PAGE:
This article was produced by the International Trade Union Confederation. To visit ITUC on the web click here.
Brussels, 8 September 2014 (ITUC OnLine): Human rights are under sustained and unprecedented attack across the Arab world, as thousands of young people, members of a generation of dispossessed, are drawn into the vicious embrace of violent jihadists seeking to bring the entire region under their control.
The conditions for the current crisis in the region, described by UN Human Rights Commissioner Navi Pillay as the “murderous summer” of 2014, represent a collective failure of government, both within the region and in the international community.
“Islamic State” which has received huge financial support from within the Gulf State monarchies is now building its own financial base through robbery, extortion, human trafficking and the sale of captured oil reserves to its friends and enemies alike. It and other violent sectarian groups, also supported by the Gulf monarchies, are aiming to subjugate entire nations through extreme violence and intimidation. The peoples many Arab countries are increasingly caught between fundamentalist, misogynist extremists on one side and autocratic dictatorship or absolute monarchy on the other. Human rights, democracy and any prospect for economic and social development are being suffocated under this duopoly of tyrannical forces.
Responsibility for the situation today is not however limited to within the region itself. Those countries which have been staging points for foreign fighters entering the region’s conflict zones must be held to account. And the world’s major economic and political powers share a heavy burden of blame for a catalogue of political and economic failures in recent decades which have deepened instability and helped create the conditions for the swift and unprecedented rise of the jihadists.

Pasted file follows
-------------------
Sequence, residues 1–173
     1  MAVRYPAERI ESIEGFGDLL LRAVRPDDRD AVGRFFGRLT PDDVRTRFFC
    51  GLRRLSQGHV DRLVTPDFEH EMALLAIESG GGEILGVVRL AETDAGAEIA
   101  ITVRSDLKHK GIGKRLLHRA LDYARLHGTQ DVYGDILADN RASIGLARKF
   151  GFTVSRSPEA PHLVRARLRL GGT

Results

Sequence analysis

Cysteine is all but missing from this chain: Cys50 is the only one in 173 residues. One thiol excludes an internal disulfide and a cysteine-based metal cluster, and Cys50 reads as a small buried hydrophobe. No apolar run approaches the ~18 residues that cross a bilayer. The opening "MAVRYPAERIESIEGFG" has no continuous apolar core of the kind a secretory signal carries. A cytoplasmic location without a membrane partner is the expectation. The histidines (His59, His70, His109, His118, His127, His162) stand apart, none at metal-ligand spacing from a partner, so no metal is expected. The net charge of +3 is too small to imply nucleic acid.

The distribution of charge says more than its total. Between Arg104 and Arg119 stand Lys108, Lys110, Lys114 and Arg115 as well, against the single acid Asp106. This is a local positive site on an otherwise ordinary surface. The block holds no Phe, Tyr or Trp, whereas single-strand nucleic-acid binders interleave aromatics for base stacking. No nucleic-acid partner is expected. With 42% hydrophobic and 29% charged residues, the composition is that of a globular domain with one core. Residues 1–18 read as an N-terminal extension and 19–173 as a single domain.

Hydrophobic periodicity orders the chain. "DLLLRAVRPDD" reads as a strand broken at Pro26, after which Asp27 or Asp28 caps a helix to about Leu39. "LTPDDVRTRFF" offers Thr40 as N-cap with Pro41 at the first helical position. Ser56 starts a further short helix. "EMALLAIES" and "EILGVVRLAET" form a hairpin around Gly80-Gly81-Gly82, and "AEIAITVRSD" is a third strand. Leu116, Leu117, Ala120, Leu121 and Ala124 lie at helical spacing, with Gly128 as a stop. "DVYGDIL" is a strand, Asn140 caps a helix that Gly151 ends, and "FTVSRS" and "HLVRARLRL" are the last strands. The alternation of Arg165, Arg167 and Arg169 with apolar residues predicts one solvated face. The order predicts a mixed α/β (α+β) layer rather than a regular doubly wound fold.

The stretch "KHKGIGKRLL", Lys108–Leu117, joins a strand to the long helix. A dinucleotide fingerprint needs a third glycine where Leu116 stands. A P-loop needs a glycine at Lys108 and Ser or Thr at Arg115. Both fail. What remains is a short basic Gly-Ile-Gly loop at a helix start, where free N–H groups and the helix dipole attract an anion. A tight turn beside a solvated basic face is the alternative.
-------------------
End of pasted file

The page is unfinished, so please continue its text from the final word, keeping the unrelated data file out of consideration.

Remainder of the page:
The popular uprising against the Syrian dictatorship has been eclipsed by fundamentalist groups which have exploited the mounting chaos, supported by outside interests intent on fighting proxy wars on Syrian soil. With nearly 200,000 killed, 3 million refugees and a more than 3 million displaced Syrians trapped inside the country, the UN’s Antonio Guterres has described the crisis as “The biggest humanitarian emergency of our era, yet the world is failing to meet the needs of refugees and the countries hosting them.” In Iraq, more than 6,000 people, the vast majority of them civilians, have been killed in the past three months alone and the humanitarian crisis continues to grow.
The vast majority of people in the Arab world, like people everywhere, aspire to live in peace and mutual respect and to have the means and possibilities to build decent lives for themselves and future generations. These aspirations are under relentless attack from those who seek to create and aggravate sectarian divisions, exploiting economic inequality and social exclusion.
The independent and democratic trade union movement, with its deep and unwavering commitment to peace, equality, human rights and non-discrimination, is a bulwark against division, violence and exploitation. It is no coincidence that trade unions, in the Arab world as elsewhere, are amongst the foremost targets of those who seek to destroy these enduring values. The international trade union movement will remain steadfast in its support and solidarity for the trade unions of the Arab world, and will redouble its demands on the entire international community to bring economic and social justice to the region, and defeat bigotry, subjugation and repression from whatever quarter it may come.